Northern Ireland

Dissident group claims members are former IRA

Forensic scientists at bomb scene
Image caption Forensic scientists examine the taxi destroyed by the bomb outside Strand Road police station

One of the groups involved in the recent upsurge of dissident republican violence in Northern Ireland has said that most of its activists are former members of the Provisional IRA.

Monday's Irish News newspaper includes an interview with a leading member of the dissident group Oglaigh na hEireann which is Irish for 'warriors of Ireland' or 'Irish volunteers'.

The group denies being involved in secret meetings with the government, but it claims there have been "indirect attempts" by the government to open channels of communication.

Earlier this month, Oglaigh na hEireann (ONH) exploded a 200lb bomb outside the main police station in Londonderry, and in April it left a bomb outside MI5 headquarters in Northern Ireland.

"The vast majority of our members are former members of the Provisional IRA who recognised a credible alternative in ONH, and a few had previously not been involved with any other group," an un-named member of the ONH 'army council' told the Irish News.

It is the first detailed interview given by ONH since it emerged four years ago.

At the weekend, there were reports that dissidents intended targeting the Tory Party conference in Birmingham later this year.

The ONH member said: "There are reports every Sunday about what ONH are going to do but we do not speak to tabloid newspapers.

"In the future, we will target the British apparatus, should that be in Belfast, Birmingham or London.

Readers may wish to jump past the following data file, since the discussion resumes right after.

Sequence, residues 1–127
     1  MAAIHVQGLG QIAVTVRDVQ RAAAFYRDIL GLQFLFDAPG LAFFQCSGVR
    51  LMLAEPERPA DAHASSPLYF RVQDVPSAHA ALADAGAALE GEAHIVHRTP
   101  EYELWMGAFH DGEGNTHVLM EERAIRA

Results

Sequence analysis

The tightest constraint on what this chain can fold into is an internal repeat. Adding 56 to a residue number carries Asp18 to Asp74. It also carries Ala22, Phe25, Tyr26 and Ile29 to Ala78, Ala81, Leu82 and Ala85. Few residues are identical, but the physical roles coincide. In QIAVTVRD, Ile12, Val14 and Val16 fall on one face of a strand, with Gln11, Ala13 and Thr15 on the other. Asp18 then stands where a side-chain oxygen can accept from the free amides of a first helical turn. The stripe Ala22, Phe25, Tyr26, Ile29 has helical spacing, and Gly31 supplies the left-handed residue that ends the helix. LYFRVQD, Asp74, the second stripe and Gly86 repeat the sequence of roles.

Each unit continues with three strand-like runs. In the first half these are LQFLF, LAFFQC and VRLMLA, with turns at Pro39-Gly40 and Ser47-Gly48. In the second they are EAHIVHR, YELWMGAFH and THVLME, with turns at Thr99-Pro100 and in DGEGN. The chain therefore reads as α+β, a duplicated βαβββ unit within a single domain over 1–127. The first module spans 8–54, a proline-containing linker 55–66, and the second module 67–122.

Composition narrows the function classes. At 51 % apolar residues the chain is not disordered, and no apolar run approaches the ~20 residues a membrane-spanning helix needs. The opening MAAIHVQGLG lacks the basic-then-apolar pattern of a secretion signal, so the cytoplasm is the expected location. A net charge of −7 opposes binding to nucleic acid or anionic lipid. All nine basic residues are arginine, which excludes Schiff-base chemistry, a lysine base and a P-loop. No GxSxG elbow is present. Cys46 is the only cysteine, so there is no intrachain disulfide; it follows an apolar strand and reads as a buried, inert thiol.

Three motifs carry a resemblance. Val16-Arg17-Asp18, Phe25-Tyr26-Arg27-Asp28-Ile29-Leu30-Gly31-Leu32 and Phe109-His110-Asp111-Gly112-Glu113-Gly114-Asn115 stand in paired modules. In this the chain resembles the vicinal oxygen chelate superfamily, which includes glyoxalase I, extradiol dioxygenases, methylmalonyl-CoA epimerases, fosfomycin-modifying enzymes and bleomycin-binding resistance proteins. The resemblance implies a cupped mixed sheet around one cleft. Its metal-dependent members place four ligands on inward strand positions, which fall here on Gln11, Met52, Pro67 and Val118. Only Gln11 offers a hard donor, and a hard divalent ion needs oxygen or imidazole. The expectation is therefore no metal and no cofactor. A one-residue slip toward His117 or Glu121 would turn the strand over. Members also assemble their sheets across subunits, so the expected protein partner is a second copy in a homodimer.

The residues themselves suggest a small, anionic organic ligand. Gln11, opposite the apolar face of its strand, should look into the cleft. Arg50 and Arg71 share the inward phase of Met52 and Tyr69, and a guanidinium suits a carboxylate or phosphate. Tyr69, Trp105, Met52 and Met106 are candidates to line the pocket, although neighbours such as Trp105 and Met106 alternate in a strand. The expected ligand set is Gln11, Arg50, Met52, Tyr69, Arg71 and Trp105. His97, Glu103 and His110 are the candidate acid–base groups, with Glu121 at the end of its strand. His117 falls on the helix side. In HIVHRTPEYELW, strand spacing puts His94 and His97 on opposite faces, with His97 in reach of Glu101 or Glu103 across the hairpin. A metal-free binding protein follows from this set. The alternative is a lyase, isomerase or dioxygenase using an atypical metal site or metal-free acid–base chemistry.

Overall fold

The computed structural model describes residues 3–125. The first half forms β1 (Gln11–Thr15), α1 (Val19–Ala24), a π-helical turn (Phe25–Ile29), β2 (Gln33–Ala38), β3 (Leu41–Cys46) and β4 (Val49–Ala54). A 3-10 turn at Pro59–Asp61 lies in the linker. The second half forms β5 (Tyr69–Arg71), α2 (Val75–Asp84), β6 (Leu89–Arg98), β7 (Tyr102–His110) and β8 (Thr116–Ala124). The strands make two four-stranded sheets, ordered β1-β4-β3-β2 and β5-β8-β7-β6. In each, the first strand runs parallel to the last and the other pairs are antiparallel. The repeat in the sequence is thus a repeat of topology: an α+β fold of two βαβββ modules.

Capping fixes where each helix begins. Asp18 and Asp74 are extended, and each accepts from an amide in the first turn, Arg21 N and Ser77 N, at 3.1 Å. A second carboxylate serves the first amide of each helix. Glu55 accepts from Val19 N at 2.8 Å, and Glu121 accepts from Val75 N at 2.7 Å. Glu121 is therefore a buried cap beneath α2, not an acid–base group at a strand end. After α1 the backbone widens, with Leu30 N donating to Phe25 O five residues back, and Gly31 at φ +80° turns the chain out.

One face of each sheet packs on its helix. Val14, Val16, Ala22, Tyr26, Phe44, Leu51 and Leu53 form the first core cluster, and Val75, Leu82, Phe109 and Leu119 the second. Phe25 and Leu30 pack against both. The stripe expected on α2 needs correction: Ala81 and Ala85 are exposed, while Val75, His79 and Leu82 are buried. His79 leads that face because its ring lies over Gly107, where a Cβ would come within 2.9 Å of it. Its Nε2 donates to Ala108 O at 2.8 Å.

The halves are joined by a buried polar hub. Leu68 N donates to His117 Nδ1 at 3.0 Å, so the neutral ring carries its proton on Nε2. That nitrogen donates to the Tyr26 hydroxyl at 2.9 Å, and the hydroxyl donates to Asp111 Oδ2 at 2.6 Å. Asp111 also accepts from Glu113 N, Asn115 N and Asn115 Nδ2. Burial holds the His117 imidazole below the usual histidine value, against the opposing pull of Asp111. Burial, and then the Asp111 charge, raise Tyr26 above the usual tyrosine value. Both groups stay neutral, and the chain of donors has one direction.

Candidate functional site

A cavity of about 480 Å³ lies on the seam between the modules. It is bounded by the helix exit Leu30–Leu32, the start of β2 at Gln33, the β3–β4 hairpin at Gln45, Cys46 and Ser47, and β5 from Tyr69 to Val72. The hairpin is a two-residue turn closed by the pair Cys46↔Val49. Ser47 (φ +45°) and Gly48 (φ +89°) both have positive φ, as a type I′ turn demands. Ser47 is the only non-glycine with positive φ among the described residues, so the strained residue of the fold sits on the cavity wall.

"It's OK for people to say we don't have the capability. A year ago, they said we couldn't even detonate a bomb."

It admits to having only a small number of members and very little support, but says it is determined to wreck political stability in Northern Ireland.

The ONH member said: "What we intend to achieve is to continually upset and expose this myth of normalisation.

"We intend to nick at the heels of the Brits to eventually force them into a situation where they open up negotiations on the issue of the British interference in Irish affairs."

Also in the Irish News, the head of the Catholic Church in Ireland, Cardinal Sean Brady, described dissident violence as "evil".

He added: "It is immoral and an offence against God.

"I appeal to all to reject any attempt to entice a new generation of young people into the futility, misery and evil of violence."

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